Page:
A slab of insulating material has thickness

and is oriented so that its faces are parallel to the yz-plane and given

 by the planes and . The y- and z-dimensions of the slab are very large compared to and may be treated as essentially infinite. The slab has a uniform positive charge density . Part A

Explain why the electric field due to the slab is zero at the center of the slab

.

Essay answers are limited to about 500 words (3800 characters maximum, including spaces).

Part B

Using Gauss's law, find the magnitude of the electric field due to the slab at the points

,
,

, and

.
.

=

Correct

Part C

What is the direction of the electric field due to the slab at the points

• ?

+x-direction
-x-direction

Correct

Part D

Using Gauss's law, find the magnitude of the electric field due to the slab at the points

,
,

, and

.
.

=

Correct

Part E

What is the direction of the electric field due to the slab at the points

• ?

+x-direction
-x-direction

Correct

A Conducting Shell around a Conducting Rod

An infinitely long conducting cylindrical rod with a positive

 charge per unit length is surrounded by a conducting cylindrical shell (which is also infinitely long) with a charge per unit length of and radius , as shown in the figure. Part A What is , the radial component of the electric field between the rod and cylindrical shell as a function of the distance from the axis of the cylindrical rod?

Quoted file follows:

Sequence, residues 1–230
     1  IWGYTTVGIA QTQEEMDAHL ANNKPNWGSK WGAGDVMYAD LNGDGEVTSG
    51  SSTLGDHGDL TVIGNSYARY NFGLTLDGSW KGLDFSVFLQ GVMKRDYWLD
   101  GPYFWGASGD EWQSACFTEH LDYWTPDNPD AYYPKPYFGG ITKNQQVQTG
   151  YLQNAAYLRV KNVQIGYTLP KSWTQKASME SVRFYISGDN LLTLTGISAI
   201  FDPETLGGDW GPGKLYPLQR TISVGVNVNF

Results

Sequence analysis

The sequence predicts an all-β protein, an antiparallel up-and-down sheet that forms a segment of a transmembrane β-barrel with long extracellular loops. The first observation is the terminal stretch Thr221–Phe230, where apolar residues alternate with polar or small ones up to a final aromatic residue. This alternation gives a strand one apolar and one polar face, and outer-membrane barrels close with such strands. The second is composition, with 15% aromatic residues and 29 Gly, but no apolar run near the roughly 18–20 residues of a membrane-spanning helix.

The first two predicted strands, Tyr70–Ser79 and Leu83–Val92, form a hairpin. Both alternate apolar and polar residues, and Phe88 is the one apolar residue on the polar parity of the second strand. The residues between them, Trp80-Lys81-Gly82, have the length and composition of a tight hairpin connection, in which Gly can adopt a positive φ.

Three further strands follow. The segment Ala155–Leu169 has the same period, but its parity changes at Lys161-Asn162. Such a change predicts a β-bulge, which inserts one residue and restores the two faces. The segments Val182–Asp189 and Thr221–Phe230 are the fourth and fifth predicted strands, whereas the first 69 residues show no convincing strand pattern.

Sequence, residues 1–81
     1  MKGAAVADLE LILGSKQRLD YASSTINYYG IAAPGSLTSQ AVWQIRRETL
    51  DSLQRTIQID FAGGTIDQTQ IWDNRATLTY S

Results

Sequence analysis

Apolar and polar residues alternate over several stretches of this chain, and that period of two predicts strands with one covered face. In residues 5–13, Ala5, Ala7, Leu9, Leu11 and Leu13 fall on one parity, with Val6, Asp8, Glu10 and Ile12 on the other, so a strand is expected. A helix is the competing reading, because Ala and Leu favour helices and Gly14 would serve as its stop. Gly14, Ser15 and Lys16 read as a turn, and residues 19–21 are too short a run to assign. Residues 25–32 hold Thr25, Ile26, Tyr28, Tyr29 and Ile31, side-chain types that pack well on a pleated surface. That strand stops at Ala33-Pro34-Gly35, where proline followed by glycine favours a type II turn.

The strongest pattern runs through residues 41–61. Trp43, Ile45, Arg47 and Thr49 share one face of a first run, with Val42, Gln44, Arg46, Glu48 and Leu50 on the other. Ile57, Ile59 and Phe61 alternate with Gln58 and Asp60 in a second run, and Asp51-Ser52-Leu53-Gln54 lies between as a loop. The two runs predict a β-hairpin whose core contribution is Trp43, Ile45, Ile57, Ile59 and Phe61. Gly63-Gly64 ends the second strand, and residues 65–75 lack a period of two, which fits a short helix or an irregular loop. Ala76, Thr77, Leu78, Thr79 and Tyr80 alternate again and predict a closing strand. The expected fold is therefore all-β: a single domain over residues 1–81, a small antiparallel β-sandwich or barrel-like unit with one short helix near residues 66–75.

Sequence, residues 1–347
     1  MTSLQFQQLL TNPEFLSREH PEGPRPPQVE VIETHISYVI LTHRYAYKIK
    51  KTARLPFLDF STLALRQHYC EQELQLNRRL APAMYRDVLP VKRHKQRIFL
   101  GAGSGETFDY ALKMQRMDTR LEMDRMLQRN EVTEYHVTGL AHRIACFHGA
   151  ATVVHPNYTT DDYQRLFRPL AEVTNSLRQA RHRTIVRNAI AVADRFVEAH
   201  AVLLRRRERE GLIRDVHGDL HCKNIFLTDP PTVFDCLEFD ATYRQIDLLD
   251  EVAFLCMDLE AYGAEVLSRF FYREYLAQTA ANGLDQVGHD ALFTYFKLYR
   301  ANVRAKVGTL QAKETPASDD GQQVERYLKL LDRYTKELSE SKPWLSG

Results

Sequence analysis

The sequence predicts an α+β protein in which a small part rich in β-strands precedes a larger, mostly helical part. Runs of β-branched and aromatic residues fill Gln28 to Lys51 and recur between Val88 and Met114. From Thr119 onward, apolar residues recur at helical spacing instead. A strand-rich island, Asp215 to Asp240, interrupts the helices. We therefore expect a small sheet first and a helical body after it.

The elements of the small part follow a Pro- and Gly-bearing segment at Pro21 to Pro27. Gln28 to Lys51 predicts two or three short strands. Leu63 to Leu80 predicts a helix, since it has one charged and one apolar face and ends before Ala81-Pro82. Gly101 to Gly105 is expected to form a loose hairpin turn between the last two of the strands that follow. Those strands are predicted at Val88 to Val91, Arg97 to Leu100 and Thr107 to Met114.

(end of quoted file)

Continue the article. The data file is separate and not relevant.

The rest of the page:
Hint A.1 The implications of symmetry Hint not displayed Hint A.2 Apply Gauss' law Hint not displayed Hint A.3 Find the charge inside the Gaussian surface Hint not displayed Hint A.4 Find the flux

Hint not displayed

 Express your answer in terms of , , and , the permittivity of free space. ANSWER: = Correct Part B What is , the surface charge density (charge per unit area) on the inner surface of the conducting shell? Hint B.1 Apply Gauss's law Hint not displayed Hint B.2 Find the charge contribution from the surface Hint not displayed ANSWER: = Correct Part C What is , the surface charge density on the outside of the conducting shell? (Recall from the problem statement that the conducting shell has a total charge per unit length given by .) Hint C.1 What is the charge on the cylindrical shell? Hint not displayed ANSWER: = Correct Part D

What is the radial component of the electric field,

, outside the shell?

 Hint D.1 How to approach the problem Hint not displayed Hint D.2 Find the charge within the Gaussian surface Hint not displayed Hint D.3 Find the flux in terms of the electric field

Hint not displayed

=

Correct

The Electric Field and Surface Charge at a Conductor

Learning Goal: To understand the behavior of the electric field at the surface of a conductor, and its relationship

to surface charge on the conductor.